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Farmers advised to be vigilant against sexual harassment

Farmers were advised to be proactive in implementing sexual harassment policies during the Dunn Carney law firm’s annual Ag Summit in Salem, Ore.
Mateusz Perkowski

Capital Press

Published on January 30, 2018 9:16AM

Melina Mendoza, a human resources consultant, left, speaks about sexual harassment with Tim Bernasek, an attorney with Dunn Carney, at the law firm’s Jan. 26 Ag Summit in Salem, Ore.

Mateusz Perkowski/Capital Press

Melina Mendoza, a human resources consultant, left, speaks about sexual harassment with Tim Bernasek, an attorney with Dunn Carney, at the law firm’s Jan. 26 Ag Summit in Salem, Ore.

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SALEM — Long before the misadventures of Hollywood big shots made the headlines, sexual harassment claims were a problem in agriculture, according to attorney Tim Bernasek.

While the cases haven’t attracted as much publicity as the allegations against movie mogul Harvey Weinstein or actor Kevin Spacey, the federal government recently filed sexual harassment lawsuits against three farms, he said.

In another case, the U.S. Equal Employment Opportunity Commission won a jury verdict of more than $17 million on behalf on several female farmworkers in Florida who claimed they were fired for opposing sexual misconduct, Bernasek said.

“Folks, we need to be ready. These issues are serious,” he told farmers during the Jan. 26 Ag Summit in Salem, Ore., an annual event organized by the Dunn Carney law firm.

While sexual harassment claims are often brought by women, same-sex complaints by male workers have also been reported, he said.

Sexual harassment claims against companies often have common themes: An employee’s sense of being trapped and isolated, not knowing who to ask for help and a fear of retaliation, among others, Bernasek said.

Farmers don’t necessarily have a way to avoid sexual harassment claims entirely, but they can adopt strategies to prevent them from escalating, he said.

Companies must be upfront with a “zero tolerance” policy for any harassment or discrimination, which should be visibly posted on bulletin boards for workers, Bernasek said.

Ideally, employers should strive to prohibit intimate relationships between supervisors and workers — or even between workers altogether — but this isn’t realistic in agriculture, where migrant workers are often from the same families, he said.

Sexual harassment policies should provide employees with a designated person to receive complaints who is not a supervisor, since supervisors are often the alleged source of the problem, Bernasek said.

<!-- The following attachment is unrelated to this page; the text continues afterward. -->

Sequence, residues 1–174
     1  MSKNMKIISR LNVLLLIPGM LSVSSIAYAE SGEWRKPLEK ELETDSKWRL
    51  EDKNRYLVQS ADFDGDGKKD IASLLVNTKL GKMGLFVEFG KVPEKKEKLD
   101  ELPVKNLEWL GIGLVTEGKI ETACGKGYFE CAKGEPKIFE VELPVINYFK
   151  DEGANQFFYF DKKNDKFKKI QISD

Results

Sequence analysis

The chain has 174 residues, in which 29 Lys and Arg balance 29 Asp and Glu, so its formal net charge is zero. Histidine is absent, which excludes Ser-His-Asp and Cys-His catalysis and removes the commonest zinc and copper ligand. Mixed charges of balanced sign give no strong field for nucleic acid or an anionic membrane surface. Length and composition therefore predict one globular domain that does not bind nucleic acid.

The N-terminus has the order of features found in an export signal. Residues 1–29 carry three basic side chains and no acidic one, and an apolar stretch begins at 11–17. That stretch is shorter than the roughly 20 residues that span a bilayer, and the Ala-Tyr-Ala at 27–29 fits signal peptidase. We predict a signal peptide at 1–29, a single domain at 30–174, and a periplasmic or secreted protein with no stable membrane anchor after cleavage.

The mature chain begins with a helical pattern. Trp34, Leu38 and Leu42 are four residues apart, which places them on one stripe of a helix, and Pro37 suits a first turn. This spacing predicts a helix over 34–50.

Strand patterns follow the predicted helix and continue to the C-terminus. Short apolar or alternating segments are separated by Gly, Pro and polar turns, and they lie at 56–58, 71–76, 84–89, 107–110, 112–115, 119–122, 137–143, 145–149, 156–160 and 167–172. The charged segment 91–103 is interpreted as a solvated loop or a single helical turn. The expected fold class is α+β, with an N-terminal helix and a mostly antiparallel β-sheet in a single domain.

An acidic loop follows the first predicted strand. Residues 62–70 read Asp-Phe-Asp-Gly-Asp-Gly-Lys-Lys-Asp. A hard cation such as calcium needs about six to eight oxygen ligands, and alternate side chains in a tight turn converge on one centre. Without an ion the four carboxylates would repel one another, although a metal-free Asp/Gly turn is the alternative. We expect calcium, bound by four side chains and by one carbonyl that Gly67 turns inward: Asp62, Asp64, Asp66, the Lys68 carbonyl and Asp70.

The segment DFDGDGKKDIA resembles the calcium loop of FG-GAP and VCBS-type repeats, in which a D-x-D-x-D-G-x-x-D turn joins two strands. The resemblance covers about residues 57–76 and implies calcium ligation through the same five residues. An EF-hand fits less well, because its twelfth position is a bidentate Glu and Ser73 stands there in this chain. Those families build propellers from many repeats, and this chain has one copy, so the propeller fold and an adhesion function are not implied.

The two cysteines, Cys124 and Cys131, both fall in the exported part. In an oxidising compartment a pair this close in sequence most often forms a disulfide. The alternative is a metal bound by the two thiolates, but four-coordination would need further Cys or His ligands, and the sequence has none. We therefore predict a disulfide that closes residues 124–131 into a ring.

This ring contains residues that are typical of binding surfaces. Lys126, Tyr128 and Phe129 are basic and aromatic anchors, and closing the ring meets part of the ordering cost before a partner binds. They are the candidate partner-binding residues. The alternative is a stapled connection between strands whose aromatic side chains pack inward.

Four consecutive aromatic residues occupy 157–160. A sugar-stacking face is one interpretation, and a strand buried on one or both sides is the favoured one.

The policies should also be drilled into the owners and managers of the company, as well as the supervisors.

“You have to do repeated trainings on this issue,” he said.

There are several grounds for opening a sexual harassment investigation, including hearing complaints or rumors, witnessing problem behavior, or receiving an inquiry from a government labor regulator, said Melina Mendoza, a human resources consultant.

Such inquiries should focus on the facts — what occurred, when, where and who else witnessed it — rather than opinions, Mendoza said.

“Be open-minded about what’s being conveyed to you,” she said.

Growers should be prepared for sexual harassment problems to arise during the most inconvenient times, said Bernasek. “Don’t shrug it off. Listen.”

When interviewing a worker who reports sexual harassment, the employer must disclose that accusations cannot remain confidential, said Mendoza. In some cases, it’s better to hire an attorney or another outside party to conduct investigations.

If a farmer agreed to keep quiet about an allegation, the company could later be accused of willfully failing to take action, she said.

“You need to let that employee know, ‘I cannot just do nothing about it,’” Mendoza said. “You must act. You don’t have a choice to just listen.”

For this reason, it’s important the employer communicate the company’s anti-retaliation policy and follow through on it, Bernasek said.

An employee alleging sexual harassment should be separated from the accused perpetrator, but the worker needs to understand why the change is occurring, he said.

“Creative lawyers on the other side have made this into retaliation,” Bernasek said.

The subject of retaliation is sensitive, since it’s not limited to severe measures, such as a demotion or termination, he said.

Reassignments to less desirable tasks, exclusion from activities and a lack of communication can also be seen as vindictive, Bernasek said. Dealing with sexual harassment is tricky, since a “farm is not a convent,” and some coarse language will inevitably be used, he said.

Even so, supervisors need to avoid creating a problematic culture by telling the crudest jokes and using the coarsest language, Bernasek said.

The reality of employing workers is that sexual harassment claims will arise, so farmers need to use their best judgment, he said. “There is no free pass in any of this. It’s risk management.”



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